The Richmond Grows Seed Lending Library, based in Richmond, California, is at the forefront of growing movement of seed libraries that has exploded across America in the last 3-4 years. The library was founded and is led by permaculturalist and science teacher Rebecca Newburn, an enthusiastic and energetic leader, who has helped to inspire a wave of seed libraries to open up across California and beyond.
The library is situated in a prominent position in the main reading room at Richmond Public Library. The large wooden cabinet is decorated with colourful notices, stickers and signs, catching the attention of casual passers-by and also explaining how to use the library. Richmond Grows is an ‘open system’ which means that visitors can come and take seeds or add seeds to the collection on their own whenever the library is open to the public. Rebecca & co. have tried to make it as easy and clear as possible for first-time visitors to know what to do, at the same time as ensuring the library is used correctly. There are instructions about how to sign up, how to choose which seeds to take, how to label them correctly and how to donate seeds back. All of the seeds are labelled according to how easy or difficult they are to save so that beginners know which ones to start with. All of the notices are a little overwhelming at first, however are necessary if the open system is to be self-maintaining in the long-term.
The seed lending library with its colourful array of signs, stickers and notices
Richmond Grows was one of the first seed libraries to open in the wave that has spread across America in recent years. As a result, founding member Rebecca Newburn has rather unwittingly found herself as a figurehead and spokesperson for the movement. Dozens of fledging seed projects are turning to Rebecca for advice. She has responded with characteristic energy and pragmatism by making all of the resources that she has used to establish her seed library available online – not only in English, but in Spanish and Mandarin as well. The resources form an invaluable set of guidelines to anyone starting a seed library and represent an amazing achievement by someone who is doing this all on a voluntary basis, out of a desire to act on her principles.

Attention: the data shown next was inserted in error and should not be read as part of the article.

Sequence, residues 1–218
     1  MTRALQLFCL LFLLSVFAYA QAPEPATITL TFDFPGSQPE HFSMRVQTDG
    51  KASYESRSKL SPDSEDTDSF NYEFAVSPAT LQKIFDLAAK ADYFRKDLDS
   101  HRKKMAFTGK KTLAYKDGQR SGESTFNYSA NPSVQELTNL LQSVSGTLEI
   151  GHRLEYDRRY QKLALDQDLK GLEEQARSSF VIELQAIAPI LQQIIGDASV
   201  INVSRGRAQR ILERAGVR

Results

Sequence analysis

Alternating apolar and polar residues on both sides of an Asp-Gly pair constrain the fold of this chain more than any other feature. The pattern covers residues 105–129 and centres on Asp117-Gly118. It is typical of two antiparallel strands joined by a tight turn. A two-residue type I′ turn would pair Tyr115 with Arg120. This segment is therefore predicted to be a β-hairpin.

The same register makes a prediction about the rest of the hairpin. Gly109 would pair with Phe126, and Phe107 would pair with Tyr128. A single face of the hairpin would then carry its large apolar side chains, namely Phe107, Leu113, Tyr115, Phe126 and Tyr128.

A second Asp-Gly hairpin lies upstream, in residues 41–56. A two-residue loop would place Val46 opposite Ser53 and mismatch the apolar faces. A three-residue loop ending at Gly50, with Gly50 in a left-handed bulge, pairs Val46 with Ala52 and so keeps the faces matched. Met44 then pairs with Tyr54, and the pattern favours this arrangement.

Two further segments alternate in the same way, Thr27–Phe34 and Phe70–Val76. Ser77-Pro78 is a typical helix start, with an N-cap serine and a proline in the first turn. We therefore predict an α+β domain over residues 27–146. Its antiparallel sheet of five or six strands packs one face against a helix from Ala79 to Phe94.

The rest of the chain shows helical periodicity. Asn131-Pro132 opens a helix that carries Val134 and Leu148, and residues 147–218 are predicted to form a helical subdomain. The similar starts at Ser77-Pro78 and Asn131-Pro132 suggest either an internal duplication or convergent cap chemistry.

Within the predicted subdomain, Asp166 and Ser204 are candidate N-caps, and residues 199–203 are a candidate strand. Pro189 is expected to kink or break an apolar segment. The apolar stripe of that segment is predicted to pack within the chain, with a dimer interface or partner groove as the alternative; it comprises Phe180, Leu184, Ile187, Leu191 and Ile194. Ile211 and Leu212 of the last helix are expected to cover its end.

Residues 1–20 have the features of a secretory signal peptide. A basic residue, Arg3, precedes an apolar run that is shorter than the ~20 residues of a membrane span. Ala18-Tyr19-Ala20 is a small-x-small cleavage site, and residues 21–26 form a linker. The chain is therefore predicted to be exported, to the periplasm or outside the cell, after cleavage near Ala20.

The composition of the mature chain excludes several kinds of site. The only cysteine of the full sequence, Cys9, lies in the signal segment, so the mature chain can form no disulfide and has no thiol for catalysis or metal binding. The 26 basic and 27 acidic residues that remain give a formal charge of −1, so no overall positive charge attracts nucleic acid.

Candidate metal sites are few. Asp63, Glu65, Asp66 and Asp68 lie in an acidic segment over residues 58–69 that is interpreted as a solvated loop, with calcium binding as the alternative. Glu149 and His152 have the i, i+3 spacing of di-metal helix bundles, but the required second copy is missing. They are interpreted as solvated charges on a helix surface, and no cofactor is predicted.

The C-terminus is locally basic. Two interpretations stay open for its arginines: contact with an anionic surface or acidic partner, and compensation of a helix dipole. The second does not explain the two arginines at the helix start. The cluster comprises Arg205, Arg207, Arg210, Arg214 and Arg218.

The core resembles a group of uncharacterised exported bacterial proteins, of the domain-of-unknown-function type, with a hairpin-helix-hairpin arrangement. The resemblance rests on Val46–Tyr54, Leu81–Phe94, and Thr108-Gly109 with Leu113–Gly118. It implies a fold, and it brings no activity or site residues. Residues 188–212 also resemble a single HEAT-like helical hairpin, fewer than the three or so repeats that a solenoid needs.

Rebecca has also been instrumental in connecting seed libraries across America and encouraging them to learn from each other and share resources. She organised the first Annual Seed Library Summit in 2010, a small and informal gathering of just a dozen people. The summit has grown each year since, and in 2015, there were over 50 people in attendance at the Heirloom Expo in Santa Rosa, California. The gathered group included a range of people, from those who were running multi-branch seed libraries to those who had just heard about the idea and wanted to learn more. It was the largest summit meeting yet and demonstrates that interest in the seed library movement continues to grow.
www.richmondgrowsseeds.org – including ‘how to set up a seed library’ resource pack
www.seedlibraries.net – resources about how to start and maintain a seed collection, back copies of Rebecca’s Cool Beans! Seed Librarians’ Newsletter, and a list of libraries from around the world
Interview with Rebecca Newburn, founder of Richmond Grows
Why did you decide to set up the library?
I felt like seeds were really at the foundation of our food system and if we didn’t have that in place all of the other great work that people were doing really didn’t make a whole lot of difference. I also felt like it tied in with so many things that I care about – community, climate resilience and food security.
What do think your main successes have been so far?
In terms of Richmond Grows, I’m really excited with the fact that our ‘create a library’ model has supported so many communities in opening up. It’s great to be able to support your own community and I feel like it’s been really wonderful to see that that community is so large now that there’s over 500 seed libraries open around the world.